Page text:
Phy-gital Roundtable: Breakfast Roundup from Germany and Netherlands

02 May '15 | Debjyoti Paul

German Shoppers: Meet Them in the Fast Lane to Phy-gital

15 January '15 | Ralf Reich

Shoppers Will Share Personal Information (But They Don’t Want to be “Friends”)

15 January '15 | Anil Venkat

Modernize or Perish: Property and Casualty Insurers and IT Solutions

14 January '15 | Manesh Rajendran

Benelux Reaches the Phy-gital Tipping Point: Omnichannel Readiness is Crucial

13 January '15 | Anil Gandharve

The New Omnichannel Dynamic: Finding Core Principles Across Industries

13 January '15 | Debjyoti Paul

Technology does not disrupt business – CIO day 2014 Roundup

02 December '14 | Anshuman Singh

Apple Pay – The Best Is Yet To Come

02 December '14 | Indy Sawhney

Digital transformation is a business transformation enabled by technology

01 December '14 | Amit Varma

3 Stages of FATCA Testing and Quality Assurance

06 October '14 | Raman Suprajarama

3 Reasons why Apple Pay could dominate the payments space

18 September '14 | Gaurav Johri

Beacon of Hope: Serving Growth and Customer Satisfaction

05 August '14 | Debjyoti Paul

The Dos and Don’ts of Emerging Technologies Like iBeacon

30 July '14 | Debjyoti Paul

What You Sold Us On – eCommerce Award Finalist Selections

17 July '14 | Anshuman Singh

3 Steps to Getting Started with Microsoft Azure Cloud Services

04 June '14 | Koushik Ramani

8 Steps to Building a Successful Self Service Portal

03 June '14 | Giridhar LV

Innovation outsourced – a myth or a mirage or a truth staring at us?

13 January '14 | Ramesh Hosahalli

What does a mobile user want?

03 January '14 | Gopikrishna Aravindan

Happy New Year! Ring in the systems to meet your goals.

Posted on: 02 January '14

2014 has arrived and here’s wishing you a very successful and wonderful year. Time really flies. I hope this year we can all catch a breath and enjoy the scenery as we whiz along.

Resolutions are the “in-thing” at this time of the year. Here’s to grit and hope! However, statistics show that only 75% of the personal resolutions will endure beyond the first week.  How can we be confident of achieving the goals we set, especially the business ones?

Today I want to talk about the goals we set and the systems we use to achieve them.  The common advice is to set specific goals, ensure they are realistic, have someone hold you accountable and plan to reward yourself as you go along.

This is definitely great advice, and helps set the right goals in the right way, I think the essence is in setting the right goals and in how we plan to execute towards our goals. That’s where systems come into play. A system describes “how” you will meet your goal with well-defined milestones, contingencies and measurements of success, much like how a project plan is developed. In fact, systems are a requirement for success, whether it is marketing, IT strategy, IT delivery, product management, sales or just about any type of goal…even losing weight or becoming a better person. (These account for 75% of the personal goals.)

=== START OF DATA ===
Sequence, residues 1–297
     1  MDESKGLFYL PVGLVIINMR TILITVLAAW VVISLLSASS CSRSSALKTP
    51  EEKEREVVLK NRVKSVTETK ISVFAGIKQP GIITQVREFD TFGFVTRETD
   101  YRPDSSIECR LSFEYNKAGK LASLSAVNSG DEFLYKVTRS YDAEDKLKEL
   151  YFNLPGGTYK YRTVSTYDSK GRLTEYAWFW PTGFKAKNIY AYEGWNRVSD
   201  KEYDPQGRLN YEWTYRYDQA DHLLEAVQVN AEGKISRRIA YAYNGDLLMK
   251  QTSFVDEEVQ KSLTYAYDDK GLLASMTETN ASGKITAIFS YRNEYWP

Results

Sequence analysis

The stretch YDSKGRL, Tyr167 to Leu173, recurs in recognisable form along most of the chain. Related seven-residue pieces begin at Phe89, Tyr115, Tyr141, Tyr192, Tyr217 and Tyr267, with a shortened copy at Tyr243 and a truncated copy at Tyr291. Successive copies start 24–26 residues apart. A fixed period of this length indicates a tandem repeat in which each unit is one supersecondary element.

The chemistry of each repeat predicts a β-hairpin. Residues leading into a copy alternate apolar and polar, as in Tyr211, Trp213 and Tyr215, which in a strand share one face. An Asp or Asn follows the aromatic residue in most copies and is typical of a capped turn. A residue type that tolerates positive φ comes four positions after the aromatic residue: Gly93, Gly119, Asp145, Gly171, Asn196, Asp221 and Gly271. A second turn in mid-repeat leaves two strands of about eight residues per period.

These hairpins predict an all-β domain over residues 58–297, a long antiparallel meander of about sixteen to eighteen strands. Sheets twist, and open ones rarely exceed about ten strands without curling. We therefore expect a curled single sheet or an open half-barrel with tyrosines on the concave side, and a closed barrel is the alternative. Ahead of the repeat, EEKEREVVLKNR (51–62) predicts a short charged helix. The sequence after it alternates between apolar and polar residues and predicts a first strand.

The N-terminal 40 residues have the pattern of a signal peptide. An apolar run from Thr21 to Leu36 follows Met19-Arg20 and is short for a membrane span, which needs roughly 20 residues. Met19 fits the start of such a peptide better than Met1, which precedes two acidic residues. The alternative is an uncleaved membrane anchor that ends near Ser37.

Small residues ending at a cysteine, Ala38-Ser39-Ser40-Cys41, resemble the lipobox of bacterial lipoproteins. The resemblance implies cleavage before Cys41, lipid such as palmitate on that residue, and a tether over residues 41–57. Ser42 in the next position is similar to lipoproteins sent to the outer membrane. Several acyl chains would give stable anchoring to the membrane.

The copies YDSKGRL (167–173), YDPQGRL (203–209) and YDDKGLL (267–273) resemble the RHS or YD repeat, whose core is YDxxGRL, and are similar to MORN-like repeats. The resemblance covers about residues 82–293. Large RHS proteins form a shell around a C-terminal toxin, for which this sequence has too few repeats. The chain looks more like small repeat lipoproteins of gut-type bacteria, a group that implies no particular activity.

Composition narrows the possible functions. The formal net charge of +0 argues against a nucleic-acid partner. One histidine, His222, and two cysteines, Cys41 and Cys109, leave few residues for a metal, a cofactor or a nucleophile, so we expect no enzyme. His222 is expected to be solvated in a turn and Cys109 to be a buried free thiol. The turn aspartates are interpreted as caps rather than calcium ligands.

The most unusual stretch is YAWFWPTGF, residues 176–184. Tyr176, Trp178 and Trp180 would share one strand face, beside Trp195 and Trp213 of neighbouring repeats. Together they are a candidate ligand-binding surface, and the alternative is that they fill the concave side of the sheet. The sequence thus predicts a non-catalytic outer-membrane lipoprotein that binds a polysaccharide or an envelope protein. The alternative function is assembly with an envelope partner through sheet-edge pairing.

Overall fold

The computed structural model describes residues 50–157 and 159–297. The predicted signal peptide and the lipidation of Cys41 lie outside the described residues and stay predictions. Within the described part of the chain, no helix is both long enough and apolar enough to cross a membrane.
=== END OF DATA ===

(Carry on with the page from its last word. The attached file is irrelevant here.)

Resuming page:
How do we define a good system? A good system is created when we develop the ability to properly think “right to left”. Simply speaking, that means we think of where we want to be, and then systematically plan what we will need to do to get there.

Here’s my take on successful “right to left” thinking for our 2014 aspirations.

  1. Follow possibilities led goal setting. Don’t put constraints on end goals and aspirations without exhausting your options first and thinking about the systems you need to meet the goals. Examples of such hasty goal setting includes: I will lose 20 pounds in 3 months, I will grow as fast as the competition or I will help generate 3 sales leads per month. That kind of thinking develops the wrong system, one that fails because it aspires to deliver constrained results. It’s not based on an exploration of possibilities, development of options and outlining of strategies & resources to achieve what you really want. By all means, set realistic goals, but not before you have explored the feasibility of your true ambitions. It’s also true that in a professional environment, this kind of goal setting must be collaborative because of the inter-dependencies. Make an effort to strive for the collaboration, because constraint led goal setting without analysis of options implies that you have already accepted that you cannot achieve what you really want to. In other words, you lost before you even began.
  2. The second important factor to enable right to left thinking is to clearly define how the current and future states will meet. What will I acquire or do to meet my goal? One of my clients called this type of thinking as “machine thinking”? It meant that unless the “method” to achieve the goal is defined, the goals are invalid. We may achieve our goals, but if they were not achieved using the defined machine, not only is credit withheld, but people are held accountable for this failure. Machines preclude serendipity. Don’t leave gaps in your machines either. Saying that the experts will figure out how to meet the goals you defined is a gap in your machine. Just as your safety on the road is your own responsibility, the method to achieve your goals is your calling. As you analyze your goals, plug the gaps in your systems and develop the strength to clearly attribute success to the right reasons. That’s true for all goals. So as you define that 20 pound weight loss target, support it by a system that taking the morning stairs to work instead of taking the elevator. And as you define the goal to be more organized, start creating a system to put all your to-do tasks in your outlook calendar to block the required time. It’ll be a good start.

Good luck for 2014. Reach out, follow your dreams and make them come true by defining the right systems to meet the right goals. I am cheering for you!